Perhaps some of you will think this harsh. Perhaps you are right. Churches up and down the land are running food banks, night shelters, AA meetings, debt counselling, mother and toddler groups, even inter-faith dialogue meetings.
Things are never that simple; there is not good and bad, rather there are varying degrees of both/and. God was always willing to work with us in our incompleteness and imperfection- whilst drawing us forward into new encounter. I can testify to my personal similtaneous experience of both.
But Jesus never told us to worship him, he told us to FOLLOW him
Think about that for a moment. Can it be true?
As Richard Rohr puts it;
“Christians have preferred to hear something Jesus never said: ‘Worship me.’ Worship of Jesus is rather harmless and risk-free; following Jesus changes everything” (see the full context of the quote here)
The God Jesus incarnates and embodies is not a distant God that must be placated. Jesus’ God is not sitting on some throne demanding worship and throwing down thunderbolts like Zeus. Jesus never said, “Worship me”; he said, “Follow me.” He asks us to imitate him in his own journey of full incarnation. To do so, he gives us the two great commandments: 1) Love God with your whole heart, soul, mind, and strength and 2) Love your neighbor as yourself (Mark 12:28-31, Luke 10:25-28). In the parable of the Good Samaritan, Jesus shows us that our “neighbor” even includes our “enemy” (Luke 10:29-37).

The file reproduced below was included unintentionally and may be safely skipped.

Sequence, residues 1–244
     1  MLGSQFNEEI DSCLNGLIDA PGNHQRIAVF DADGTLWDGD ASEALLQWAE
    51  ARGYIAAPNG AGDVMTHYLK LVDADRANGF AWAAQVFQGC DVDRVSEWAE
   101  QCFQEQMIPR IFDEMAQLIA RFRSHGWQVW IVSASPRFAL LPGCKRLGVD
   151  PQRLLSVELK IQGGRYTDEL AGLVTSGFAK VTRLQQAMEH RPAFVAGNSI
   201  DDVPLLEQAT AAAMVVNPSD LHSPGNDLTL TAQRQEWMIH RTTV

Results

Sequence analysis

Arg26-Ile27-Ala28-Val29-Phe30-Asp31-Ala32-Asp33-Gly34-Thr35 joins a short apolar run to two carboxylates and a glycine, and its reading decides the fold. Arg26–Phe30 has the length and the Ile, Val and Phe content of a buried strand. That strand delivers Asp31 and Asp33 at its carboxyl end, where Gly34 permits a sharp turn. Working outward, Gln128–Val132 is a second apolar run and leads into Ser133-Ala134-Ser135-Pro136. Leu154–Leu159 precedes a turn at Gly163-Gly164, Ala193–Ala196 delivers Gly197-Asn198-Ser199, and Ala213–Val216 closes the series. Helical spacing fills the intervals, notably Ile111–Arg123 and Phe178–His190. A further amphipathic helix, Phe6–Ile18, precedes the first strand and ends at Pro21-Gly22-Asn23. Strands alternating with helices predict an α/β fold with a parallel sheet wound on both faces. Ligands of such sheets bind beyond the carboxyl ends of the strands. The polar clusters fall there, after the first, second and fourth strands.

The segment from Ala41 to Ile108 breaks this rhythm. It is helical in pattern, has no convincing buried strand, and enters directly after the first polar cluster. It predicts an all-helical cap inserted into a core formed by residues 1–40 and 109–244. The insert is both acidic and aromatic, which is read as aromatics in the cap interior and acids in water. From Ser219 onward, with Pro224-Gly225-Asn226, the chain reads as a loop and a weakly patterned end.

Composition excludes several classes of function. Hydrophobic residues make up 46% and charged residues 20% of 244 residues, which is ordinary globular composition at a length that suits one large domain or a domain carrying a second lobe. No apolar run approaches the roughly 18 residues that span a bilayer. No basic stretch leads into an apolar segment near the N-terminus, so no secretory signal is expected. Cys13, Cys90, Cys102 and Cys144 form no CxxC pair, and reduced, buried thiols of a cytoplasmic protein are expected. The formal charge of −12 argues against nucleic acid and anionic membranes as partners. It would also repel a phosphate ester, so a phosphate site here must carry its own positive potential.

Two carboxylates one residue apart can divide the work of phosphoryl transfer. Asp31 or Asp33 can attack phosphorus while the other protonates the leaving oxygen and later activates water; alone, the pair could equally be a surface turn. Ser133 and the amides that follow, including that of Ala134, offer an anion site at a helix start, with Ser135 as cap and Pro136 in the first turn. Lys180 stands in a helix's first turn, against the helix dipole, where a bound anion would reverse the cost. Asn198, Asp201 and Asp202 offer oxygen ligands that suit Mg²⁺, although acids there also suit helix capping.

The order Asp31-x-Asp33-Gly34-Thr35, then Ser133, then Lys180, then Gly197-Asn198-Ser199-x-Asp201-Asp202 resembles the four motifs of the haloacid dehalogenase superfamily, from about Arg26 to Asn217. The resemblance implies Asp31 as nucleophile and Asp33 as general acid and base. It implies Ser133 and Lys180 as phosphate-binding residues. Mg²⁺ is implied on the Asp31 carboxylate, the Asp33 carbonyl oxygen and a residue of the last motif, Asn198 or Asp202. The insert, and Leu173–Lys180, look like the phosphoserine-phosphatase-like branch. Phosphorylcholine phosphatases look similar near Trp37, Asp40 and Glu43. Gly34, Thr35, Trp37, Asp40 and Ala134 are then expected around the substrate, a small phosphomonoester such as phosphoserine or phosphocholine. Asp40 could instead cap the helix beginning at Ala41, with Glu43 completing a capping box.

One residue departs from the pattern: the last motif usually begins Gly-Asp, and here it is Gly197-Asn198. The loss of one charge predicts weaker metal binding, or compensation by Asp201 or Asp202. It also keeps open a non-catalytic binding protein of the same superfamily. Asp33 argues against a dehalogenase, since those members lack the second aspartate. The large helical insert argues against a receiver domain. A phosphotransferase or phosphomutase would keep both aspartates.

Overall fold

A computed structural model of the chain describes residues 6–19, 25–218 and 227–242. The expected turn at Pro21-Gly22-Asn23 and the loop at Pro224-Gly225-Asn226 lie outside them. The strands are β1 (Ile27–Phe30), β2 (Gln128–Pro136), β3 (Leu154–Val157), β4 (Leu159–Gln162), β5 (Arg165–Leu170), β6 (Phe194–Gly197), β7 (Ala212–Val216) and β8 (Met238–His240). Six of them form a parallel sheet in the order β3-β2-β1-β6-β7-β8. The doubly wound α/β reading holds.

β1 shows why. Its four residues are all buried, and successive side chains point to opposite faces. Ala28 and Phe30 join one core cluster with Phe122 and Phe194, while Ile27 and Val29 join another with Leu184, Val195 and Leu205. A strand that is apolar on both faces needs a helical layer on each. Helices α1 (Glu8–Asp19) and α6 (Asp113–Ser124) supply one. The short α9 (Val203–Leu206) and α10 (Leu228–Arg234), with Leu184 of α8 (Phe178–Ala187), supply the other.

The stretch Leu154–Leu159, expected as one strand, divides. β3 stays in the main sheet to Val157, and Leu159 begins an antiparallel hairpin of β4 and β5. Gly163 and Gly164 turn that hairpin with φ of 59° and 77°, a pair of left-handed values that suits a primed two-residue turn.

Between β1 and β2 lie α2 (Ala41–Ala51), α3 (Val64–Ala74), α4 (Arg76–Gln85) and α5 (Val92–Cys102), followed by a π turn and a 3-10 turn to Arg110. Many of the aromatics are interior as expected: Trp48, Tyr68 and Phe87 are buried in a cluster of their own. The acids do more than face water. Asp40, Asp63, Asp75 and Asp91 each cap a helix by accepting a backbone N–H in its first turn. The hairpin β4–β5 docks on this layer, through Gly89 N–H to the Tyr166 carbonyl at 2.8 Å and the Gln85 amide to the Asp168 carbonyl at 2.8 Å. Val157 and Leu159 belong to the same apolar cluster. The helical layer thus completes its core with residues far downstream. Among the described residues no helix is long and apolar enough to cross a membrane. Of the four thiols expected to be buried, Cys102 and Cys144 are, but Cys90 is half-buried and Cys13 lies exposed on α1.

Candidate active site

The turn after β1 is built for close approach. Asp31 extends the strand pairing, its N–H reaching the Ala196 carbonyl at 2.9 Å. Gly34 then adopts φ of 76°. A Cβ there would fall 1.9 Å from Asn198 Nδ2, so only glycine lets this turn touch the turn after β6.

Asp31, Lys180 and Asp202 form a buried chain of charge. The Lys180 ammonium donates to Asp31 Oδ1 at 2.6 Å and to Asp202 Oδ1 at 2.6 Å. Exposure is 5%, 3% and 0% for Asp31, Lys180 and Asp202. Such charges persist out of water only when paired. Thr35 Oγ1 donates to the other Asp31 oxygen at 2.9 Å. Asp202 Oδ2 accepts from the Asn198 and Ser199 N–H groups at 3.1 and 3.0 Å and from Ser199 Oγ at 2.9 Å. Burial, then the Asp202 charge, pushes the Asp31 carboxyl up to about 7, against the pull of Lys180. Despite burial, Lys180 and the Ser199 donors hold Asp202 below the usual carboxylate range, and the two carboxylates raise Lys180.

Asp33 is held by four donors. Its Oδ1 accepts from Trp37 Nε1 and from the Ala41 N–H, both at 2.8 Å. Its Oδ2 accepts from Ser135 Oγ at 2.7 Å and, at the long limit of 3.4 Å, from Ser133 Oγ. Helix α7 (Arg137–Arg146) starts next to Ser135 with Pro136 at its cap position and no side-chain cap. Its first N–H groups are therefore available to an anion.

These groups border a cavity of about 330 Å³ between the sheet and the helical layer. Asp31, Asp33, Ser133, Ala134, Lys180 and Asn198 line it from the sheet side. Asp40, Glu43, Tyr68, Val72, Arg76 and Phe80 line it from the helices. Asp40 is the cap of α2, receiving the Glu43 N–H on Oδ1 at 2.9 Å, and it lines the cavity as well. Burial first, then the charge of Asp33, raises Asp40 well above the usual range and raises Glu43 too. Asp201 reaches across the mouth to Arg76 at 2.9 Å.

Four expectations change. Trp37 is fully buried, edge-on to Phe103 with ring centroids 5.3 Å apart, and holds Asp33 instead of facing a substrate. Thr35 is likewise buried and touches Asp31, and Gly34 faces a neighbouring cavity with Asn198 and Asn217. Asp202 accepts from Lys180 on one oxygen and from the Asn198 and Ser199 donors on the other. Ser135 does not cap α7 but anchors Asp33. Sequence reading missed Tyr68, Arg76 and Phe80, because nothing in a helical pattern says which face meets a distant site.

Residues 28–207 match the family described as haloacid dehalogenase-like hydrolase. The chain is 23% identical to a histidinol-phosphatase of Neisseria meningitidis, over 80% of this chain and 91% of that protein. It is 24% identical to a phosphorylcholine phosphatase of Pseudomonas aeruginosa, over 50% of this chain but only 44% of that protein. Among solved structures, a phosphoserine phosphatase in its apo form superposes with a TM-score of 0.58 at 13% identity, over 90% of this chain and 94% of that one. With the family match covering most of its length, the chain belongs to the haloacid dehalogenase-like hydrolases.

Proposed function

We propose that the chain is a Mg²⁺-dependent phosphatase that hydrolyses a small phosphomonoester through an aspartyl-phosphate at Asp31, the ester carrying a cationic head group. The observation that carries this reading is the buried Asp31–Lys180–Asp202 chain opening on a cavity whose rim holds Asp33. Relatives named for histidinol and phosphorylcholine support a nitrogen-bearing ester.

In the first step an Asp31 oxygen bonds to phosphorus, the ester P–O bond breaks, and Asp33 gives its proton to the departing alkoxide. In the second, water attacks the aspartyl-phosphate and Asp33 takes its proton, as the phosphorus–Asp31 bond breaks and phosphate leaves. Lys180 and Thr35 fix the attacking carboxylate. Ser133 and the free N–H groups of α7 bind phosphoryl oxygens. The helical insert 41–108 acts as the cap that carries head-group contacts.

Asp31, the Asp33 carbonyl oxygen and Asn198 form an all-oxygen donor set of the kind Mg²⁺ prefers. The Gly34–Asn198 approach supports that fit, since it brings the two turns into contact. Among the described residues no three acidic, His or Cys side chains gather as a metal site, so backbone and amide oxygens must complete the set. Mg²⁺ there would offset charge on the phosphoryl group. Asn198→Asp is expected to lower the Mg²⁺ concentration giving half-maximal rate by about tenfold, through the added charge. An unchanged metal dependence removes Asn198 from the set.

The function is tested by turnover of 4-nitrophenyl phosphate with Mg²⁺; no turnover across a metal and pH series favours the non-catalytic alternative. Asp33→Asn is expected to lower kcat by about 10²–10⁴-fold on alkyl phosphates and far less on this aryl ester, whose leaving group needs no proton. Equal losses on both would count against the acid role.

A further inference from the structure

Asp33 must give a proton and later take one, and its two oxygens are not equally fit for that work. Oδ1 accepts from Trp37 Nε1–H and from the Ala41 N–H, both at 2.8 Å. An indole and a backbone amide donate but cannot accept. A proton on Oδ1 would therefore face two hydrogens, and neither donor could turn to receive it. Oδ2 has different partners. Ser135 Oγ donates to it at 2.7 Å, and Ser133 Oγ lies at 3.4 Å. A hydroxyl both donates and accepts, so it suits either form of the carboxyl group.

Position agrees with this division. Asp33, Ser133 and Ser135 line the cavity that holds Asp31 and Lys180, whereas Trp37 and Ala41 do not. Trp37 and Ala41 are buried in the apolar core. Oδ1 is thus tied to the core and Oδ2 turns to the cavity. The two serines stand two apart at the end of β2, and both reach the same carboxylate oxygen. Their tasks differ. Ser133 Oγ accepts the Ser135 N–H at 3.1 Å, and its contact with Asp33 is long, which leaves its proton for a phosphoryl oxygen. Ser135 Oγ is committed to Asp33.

So how do we love God? Most of us seem to have concluded we love God by attending church services. For some reason, we thought that made God happy. I’m not sure why. That idea probably has more to do with clergy job security! Jesus never talked about attending services, although church can be a good container to start with, and we do tend to become like the folks we hang out with. The prophets often portray God’s disdain for self-serving church services. “The sanctuary, the sanctuary, the sanctuary” is all we care about, Jeremiah shouts (7:4). “I hold my nose at your incense. What I want you to do is love the widow and the orphan,” say both Isaiah and Amos (Isaiah 1:11-17, Amos 5:21-24), as do Jeremiah, Hosea, Joel, Micah, and Zechariah in different ways. The prophetic message is absolutely clear, yet we went right back to loving church services instead of Reality. I believe our inability to recognize and love God in what is right in front of us has made us separate religion from our actual lives. There is Sunday morning, and then there is real life.